This post was imported from my short-lived, now-defunct food blog, Cooking With Ginger.
January 25 is Burns Night, where Scots eat haggis, drink whisky and recite the poetry of Robert Burns to celebrate his birthday.
I've never been to a proper Burns Supper but it does sound good, particularly The Entrance of the Haggis. Everyone stands up and gazes in awe as the mighty bag o' guts and spices is carried into the room on a platter, complete with bagpipe fanfare. Then the host recites the Address To A Haggis:
Fair fa' your honest, sonsie face,
Great chieftain o' the puddin-race!
Aboon them a' ye tak your place,
Painch, tripe, or thairm:
Weel are ye wordy o' a grace
As lang's my arm.
Which roughly translates as: Oh haggis, you're so fine, you're so fine you blow my mind, hey haggis!
After the poem goes on a few more verses, the haggis is STABBED repeatedly with a juicy big knife and everyone cheers. Hail to the haggis! Then someone proposes a whisky toast to the haggis and finally everyone tucks into a nice plateful of it, accompanied by neeps (turnips) and tatties (mashed potatoes). After that there's more speeches, toasts, poetry and whisky. Sounds like a great night out.
For foreigners living in Scotland, eating haggis is right up there on your To Do list with Edinburgh Castle and the Highlands. I was surprised to find I enjoyed it – sure it's offal but the spices and oatmeal give it a beautiful flavour and texture. I'm not sure if I'd ever want to make it myself though:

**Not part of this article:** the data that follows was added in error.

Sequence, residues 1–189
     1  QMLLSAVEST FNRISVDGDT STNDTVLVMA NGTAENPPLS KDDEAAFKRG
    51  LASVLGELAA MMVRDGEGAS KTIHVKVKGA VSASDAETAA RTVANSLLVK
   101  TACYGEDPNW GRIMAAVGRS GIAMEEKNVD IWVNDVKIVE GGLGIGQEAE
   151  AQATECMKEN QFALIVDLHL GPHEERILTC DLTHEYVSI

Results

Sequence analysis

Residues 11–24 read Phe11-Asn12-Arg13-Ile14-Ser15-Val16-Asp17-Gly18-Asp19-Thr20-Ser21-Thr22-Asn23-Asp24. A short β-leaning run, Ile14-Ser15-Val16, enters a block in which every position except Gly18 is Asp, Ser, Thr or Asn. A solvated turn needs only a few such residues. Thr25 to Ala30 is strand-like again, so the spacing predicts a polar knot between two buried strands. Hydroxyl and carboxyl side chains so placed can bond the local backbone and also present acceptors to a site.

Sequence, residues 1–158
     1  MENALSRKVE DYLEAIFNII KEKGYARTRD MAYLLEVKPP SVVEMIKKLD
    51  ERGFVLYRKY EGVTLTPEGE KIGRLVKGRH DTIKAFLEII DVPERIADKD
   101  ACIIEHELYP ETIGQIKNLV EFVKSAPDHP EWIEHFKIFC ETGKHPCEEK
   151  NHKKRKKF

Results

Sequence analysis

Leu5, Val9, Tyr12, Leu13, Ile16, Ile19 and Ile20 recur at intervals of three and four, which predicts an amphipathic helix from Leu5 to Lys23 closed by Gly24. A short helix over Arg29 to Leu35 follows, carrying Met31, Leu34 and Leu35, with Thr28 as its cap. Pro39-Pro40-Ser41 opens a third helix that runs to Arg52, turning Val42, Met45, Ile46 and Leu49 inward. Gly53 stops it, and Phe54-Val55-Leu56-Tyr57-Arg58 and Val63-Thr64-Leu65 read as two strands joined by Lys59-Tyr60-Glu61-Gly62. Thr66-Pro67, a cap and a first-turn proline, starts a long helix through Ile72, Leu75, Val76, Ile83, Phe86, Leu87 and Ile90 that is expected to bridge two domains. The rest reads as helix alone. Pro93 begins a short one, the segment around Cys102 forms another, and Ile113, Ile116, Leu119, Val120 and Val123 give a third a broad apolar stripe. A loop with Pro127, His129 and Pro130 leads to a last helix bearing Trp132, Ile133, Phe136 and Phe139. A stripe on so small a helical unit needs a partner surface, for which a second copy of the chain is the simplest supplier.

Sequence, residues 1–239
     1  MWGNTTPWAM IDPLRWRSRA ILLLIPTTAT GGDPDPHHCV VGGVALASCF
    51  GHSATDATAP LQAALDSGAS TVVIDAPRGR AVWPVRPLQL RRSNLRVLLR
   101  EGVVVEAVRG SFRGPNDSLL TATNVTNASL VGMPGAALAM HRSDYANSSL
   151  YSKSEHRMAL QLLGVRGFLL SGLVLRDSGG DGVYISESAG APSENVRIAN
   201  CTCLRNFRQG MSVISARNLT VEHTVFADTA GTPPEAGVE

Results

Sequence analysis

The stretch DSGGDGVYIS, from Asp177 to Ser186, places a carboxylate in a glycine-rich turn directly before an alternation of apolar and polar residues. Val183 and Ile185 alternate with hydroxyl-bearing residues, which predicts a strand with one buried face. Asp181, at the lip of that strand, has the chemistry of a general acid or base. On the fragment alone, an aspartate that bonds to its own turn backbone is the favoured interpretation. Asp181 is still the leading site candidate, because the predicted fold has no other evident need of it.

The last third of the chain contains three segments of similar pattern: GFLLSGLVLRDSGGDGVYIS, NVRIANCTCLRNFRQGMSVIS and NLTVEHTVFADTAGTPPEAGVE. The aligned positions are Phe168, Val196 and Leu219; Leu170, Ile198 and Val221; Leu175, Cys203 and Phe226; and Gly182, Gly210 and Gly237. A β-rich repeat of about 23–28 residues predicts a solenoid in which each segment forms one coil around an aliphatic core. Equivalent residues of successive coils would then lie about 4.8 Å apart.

You have to love any recipe that contains the phrases, "wash the paunch", "boil the heart", "hang the windpipe" and "grate the liver". I was fresh out of lungs tonight, so we had the ever-tasty Macsweens Vegetarian Haggis. It has the same yummy spices as the traditional version, but the offal is replaced by lentils and nuts. You simply wrap it in foil, place in a water bath then whack it in the oven for an hour or so.
Next you prepare the traditional neeps and tatties. And if you're immature, do take time to snigger at your neep if it looks particularly nippy!
Then take the haggis oot of the oven and stab it. KILL KILL KILL!
This is the part in food blogs where ones posts a photo of the plated meal. But since this is my first food blog entry and I am a food blog amateur, I forgot to do that and just scoffed it straight up. After that starch-and-lentil fest, all we can do is slump on the couch and toast Mr Burns with almighty belches.
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